Dr. David Baker, University of Washington (UW) professor of biochemistry and an investigator at the Howard Hughes Medical Research Institute, has been selected to receive the 2008 Raymond & Beverly Sackler International Prize in Biophysics, along with Dr. Martin Gruebele of the University of Illinois, Urbana-Champaign, and Dr. Jonathan Weissman of the University of California, San Francisco.
The field for this year’s prize was the physics of structure formation and self-assembly of proteins and nucleic acids. The award will be presented to the three scientists Dec. 15 at Israel’s Tel Aviv University.
The prize was established by arts and sciences philanthropists Dr. Raymond R. Sackler and his wife, Beverly Sackler. Raymond Sackler is a psychiatrist and co-founder of a multinational pharmaceutical company.
Baker is being honored for his seminal contributions to computer-based studies of the manner and the speed in which chains of amino acids fold into protein molecules. Anyone who has tried to put together a cardboard box knows the importance of proper folding to get a useful product. The same is true when the body manufactures proteins.
Creating computer models of protein-folding is essential for figuring out how genetic information directs protein formation, how proteins work, and how misfolded, misshapen, and malfunctioning proteins might underlie serious degenerative diseases.
Baker has developed computer programs to predict protein structures from amino acid sequences in DNA. His program, Rosetta, is among the most accurate. He has combined data from nuclear magnetic resonance imaging and X-ray defraction imaging with his computer modeling to more quickly delineate protein molecule structures. He also researches the ways that molecular configurations of proteins determine their functions in biochemical reactions.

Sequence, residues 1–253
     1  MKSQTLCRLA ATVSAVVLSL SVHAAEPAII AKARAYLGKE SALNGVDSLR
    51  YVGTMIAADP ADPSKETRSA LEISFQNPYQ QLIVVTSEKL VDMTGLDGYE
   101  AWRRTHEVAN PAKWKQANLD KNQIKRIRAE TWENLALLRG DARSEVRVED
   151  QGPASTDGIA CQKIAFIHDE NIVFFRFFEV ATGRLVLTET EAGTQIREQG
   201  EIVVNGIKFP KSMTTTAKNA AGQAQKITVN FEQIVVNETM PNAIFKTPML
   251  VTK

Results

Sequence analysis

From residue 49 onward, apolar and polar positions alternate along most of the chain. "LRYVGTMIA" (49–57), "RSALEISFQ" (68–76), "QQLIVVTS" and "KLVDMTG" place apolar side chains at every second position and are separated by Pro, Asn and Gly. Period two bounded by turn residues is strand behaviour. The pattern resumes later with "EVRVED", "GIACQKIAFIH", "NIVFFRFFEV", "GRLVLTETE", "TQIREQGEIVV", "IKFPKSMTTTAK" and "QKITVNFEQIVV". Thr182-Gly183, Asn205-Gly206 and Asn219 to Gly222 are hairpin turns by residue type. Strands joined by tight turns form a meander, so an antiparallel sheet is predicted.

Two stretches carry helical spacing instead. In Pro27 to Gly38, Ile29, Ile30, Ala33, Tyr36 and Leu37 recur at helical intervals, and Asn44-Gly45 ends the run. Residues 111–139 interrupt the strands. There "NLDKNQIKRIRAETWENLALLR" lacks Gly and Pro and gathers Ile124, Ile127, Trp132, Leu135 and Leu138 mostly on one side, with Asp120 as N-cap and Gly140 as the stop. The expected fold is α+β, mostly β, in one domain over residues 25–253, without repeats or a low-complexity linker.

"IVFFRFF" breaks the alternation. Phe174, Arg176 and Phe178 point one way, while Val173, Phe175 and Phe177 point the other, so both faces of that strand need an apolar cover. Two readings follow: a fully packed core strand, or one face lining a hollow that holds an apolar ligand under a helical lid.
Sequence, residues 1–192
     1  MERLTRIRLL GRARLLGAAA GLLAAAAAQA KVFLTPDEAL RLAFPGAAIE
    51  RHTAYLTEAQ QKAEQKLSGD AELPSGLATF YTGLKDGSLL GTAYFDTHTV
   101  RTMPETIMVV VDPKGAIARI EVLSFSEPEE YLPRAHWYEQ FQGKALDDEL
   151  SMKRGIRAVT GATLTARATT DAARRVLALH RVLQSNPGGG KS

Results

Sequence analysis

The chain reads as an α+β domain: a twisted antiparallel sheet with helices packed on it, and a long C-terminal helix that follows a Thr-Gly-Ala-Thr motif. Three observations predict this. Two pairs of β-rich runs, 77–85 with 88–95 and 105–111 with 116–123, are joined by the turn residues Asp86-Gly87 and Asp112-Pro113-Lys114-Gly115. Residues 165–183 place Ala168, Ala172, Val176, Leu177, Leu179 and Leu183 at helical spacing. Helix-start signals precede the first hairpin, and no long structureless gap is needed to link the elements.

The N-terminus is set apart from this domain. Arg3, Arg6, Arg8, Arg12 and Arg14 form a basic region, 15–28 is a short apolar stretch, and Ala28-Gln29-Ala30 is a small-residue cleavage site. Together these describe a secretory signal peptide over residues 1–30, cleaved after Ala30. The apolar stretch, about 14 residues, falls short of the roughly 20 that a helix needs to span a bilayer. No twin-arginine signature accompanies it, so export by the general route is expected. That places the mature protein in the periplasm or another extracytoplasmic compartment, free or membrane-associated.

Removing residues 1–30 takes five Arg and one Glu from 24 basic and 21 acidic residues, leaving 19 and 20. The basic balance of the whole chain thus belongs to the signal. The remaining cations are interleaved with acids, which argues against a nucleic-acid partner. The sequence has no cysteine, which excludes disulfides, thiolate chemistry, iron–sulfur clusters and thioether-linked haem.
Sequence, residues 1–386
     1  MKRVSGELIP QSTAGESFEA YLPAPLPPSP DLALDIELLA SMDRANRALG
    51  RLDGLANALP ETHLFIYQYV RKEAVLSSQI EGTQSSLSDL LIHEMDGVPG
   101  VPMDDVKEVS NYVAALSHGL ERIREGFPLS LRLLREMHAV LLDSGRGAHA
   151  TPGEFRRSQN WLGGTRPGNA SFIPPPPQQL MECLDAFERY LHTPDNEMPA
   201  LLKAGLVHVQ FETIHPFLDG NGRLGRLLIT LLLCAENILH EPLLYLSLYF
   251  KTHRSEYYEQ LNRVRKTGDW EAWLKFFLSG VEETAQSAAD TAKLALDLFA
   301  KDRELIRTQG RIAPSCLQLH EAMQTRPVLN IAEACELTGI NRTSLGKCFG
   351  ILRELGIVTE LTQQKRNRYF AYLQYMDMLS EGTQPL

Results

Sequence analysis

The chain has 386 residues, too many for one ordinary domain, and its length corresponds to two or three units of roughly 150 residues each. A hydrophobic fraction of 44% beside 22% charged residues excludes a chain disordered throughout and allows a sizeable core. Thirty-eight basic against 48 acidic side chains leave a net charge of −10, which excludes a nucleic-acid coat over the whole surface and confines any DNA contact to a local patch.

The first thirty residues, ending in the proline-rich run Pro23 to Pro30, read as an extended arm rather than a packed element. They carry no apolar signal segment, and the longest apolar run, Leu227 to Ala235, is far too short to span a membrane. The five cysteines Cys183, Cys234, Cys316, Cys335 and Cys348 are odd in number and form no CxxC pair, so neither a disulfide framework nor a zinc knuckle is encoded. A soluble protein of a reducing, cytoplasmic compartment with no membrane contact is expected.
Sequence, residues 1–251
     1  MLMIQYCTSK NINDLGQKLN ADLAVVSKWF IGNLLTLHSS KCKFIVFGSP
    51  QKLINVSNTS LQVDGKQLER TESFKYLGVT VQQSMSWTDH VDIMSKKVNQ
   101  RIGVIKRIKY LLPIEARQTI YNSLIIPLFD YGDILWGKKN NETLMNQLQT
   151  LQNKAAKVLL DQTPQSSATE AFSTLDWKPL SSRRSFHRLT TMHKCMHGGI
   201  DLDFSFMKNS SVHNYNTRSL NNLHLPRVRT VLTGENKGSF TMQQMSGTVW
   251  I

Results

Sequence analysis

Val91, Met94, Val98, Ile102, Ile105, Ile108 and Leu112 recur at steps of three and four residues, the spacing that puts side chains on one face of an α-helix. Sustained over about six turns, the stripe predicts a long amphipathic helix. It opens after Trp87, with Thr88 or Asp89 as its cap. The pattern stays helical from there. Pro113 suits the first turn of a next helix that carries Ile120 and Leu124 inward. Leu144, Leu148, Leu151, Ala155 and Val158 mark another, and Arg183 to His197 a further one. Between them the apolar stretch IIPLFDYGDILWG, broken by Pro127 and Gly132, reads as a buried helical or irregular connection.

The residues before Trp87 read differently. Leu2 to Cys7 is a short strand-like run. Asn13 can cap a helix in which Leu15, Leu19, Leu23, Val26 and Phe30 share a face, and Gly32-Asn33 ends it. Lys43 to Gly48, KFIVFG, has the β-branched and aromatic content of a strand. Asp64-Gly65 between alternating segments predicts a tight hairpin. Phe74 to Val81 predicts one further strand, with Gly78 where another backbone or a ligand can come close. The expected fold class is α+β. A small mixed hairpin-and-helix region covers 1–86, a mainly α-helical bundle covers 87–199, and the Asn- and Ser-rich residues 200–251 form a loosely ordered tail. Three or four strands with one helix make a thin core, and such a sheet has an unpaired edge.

In addition, Baker and his team have developed new protein folds and have designed and built functional enzymes, and engineered protein interactions, that previously did not exist in nature. His group has also contributed new ways of studying proteins in membranes — the thin fatty covering that separates the inside of the cell from the external environment. These transmembrane proteins include molecular channels that permit the flow of calcium into and out of the cell, and that are responsible for the passage of neural impulses and communication between cells. The Baker group was able to apply the Rosetta program to these unusual proteins by treating the membranes as a series of layers with different protein folding requirements.
Baker has involved people of all ages and backgrounds from around the world in helping with protein folding research. People donate their idle computer time to a project called Rosetta@home. The combined computing power of thousands of home computers around the globe (called “distributed computing”) allows for lengthy, complicated analysis of the data needed to study how proteins are assembled. Baker and his team have also created Fold-It, a Web-based protein folding and design game for scientists and non-scientists alike to play to study protein formation. Players compete to be the best in the world at folding and designing proteins. More than 20,000 players have downloaded the game. In another aspect of his work, Baker collaborates with scientists at more than 10 universities to continually update and extend the Rosetta program, thereby creating a scientific commons to freely share research data on protein folding.
Baker and his community’s discoveries have led to many practical applications in efforts to design new medications and molecular therapies and in other fields that rely on the structural mechanics of proteins.